But wasn't this a maiden issue of a zero in the Bureau of Treasury? And, didn't it have all these extra features that made the PEACe bond zeroes more complex to price than a plain vanilla zero?

Yes. In fact, to insure that everybody was familiar with the nuances of the Zeroes, the Bureau of Treasury conducted a mock auction a couple of weeks earlier wherein all interested GSEDs were asked to submit bids. This enabled the Bureau of Treasury to test their existing system and make the necessary adjustments in time for the actual auction on October 16, 2001.

So despite the practice they received in the mock auction, all the GSEDs - with the exception of RCBC - failed to price their bids to win?


Since CODE-NGO bidded so aggressively that they captured all the bonds available for sale, were they able to sell the bonds down to other investors and make a good profit?

Yes. CODE-NGO made money, lots of it. CODE-NGO realized a net gain of PHP 1.338 billion on the turnaround sale of the zeroes to institutional investors in the secondary market. The gains were then used to fund the endowment of the PEACe Foundation and the 10% fee of CODE-NGO. According to RCBC, all the trading gains went to the PEACe Foundation, and the bank received none of it except for a 2% underwriting fee of PHP 239 million for RCBC Capital, RCBC's investment house subsidiary. This is extremely magnanimous of the bank, especially since it projected a net profit of only PHP 444 million in 2001.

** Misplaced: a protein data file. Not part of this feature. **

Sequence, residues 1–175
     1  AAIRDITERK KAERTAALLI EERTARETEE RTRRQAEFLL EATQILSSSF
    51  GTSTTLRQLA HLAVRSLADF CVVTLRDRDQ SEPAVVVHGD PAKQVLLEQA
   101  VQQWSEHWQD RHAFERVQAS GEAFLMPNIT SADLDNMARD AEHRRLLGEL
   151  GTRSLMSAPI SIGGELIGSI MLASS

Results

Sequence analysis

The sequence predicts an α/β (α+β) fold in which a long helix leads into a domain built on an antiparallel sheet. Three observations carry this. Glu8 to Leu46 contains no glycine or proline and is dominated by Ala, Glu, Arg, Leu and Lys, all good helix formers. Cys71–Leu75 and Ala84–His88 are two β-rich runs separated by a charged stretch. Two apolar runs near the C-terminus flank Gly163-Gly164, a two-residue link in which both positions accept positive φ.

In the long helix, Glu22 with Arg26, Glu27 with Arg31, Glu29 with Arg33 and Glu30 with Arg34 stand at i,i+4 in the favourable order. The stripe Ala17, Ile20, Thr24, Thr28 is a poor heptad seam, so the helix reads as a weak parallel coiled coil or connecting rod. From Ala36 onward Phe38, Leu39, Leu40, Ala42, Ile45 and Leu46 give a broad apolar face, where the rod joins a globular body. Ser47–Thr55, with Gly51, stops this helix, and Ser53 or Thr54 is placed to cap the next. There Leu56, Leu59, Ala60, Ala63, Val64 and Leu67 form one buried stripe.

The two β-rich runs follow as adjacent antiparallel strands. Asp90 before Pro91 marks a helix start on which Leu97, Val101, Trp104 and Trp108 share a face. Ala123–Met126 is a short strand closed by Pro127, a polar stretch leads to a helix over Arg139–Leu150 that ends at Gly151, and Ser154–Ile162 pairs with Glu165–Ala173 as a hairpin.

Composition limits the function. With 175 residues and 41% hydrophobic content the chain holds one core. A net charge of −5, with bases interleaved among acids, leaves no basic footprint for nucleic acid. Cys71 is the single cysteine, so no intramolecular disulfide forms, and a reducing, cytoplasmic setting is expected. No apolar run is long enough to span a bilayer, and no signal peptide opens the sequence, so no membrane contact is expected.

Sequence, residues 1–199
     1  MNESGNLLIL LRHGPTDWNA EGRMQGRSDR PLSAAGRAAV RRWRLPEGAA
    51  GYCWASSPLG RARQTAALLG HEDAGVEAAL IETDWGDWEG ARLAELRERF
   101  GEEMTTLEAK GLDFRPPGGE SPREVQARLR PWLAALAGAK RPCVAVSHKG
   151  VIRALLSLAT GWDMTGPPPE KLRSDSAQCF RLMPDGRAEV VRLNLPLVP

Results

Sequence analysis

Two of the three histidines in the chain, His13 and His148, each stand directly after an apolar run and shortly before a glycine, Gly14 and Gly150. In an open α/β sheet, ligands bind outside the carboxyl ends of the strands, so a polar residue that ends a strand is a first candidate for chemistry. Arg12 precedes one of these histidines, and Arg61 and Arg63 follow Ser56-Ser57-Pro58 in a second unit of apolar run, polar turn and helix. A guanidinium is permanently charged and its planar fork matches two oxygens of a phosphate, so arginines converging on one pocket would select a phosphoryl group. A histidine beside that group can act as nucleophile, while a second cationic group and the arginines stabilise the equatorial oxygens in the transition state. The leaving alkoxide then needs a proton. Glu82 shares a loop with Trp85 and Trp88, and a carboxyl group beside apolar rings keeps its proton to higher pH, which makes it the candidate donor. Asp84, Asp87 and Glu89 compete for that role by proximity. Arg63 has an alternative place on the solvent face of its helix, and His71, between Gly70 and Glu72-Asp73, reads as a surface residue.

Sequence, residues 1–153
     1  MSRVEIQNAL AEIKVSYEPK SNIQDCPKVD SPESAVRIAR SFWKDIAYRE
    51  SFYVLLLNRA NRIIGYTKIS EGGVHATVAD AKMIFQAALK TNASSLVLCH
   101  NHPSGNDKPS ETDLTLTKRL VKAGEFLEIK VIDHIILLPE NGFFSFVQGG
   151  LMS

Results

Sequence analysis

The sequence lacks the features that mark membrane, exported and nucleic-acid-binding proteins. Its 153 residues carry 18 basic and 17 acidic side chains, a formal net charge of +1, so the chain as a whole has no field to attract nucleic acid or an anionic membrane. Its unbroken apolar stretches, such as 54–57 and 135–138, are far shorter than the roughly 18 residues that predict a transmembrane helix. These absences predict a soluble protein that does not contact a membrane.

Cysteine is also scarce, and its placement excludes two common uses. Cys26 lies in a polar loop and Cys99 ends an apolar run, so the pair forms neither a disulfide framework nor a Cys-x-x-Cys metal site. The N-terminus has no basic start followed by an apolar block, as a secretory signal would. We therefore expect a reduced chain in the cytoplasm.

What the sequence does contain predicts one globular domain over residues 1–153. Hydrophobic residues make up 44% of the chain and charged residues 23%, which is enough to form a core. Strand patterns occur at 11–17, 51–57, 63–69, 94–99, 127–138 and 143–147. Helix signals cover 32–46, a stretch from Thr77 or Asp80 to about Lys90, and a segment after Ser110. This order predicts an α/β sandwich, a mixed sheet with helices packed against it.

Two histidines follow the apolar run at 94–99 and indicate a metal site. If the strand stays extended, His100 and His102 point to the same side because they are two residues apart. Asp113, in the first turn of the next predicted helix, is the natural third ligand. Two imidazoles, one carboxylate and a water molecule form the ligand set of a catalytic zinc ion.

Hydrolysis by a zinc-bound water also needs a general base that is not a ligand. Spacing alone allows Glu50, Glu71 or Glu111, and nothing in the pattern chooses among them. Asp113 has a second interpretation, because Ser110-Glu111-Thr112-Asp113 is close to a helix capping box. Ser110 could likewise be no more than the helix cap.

So RCBC Treasury passed up the opportunity to earn PHP 1.338 billion for itself in one transaction when the entire bank is set to earn only PHP 444 million for the year?

Yes. The amount of profits the RCBC Treasury passed on to CODE-NGO is over three times what the entire bank is projected to earn for the year 2001.

Can RCBC really afford to be that magnanimous?

No, and many a banker would say that no bank in its right mind would walk away from such a huge trading gain. But if RCBC was not acting magnanimously, then more questions surface. Was there an under the table deal between the issuer - the Arroyo Government - and the buyer - CODE-NGO, with RCBC facilitating the deal? Was RCBC acting on instructions from the government to pass on to CODE-NGO a discount that the government was willing to forgo in favor of CODE-NGO? These questions beg to be answered!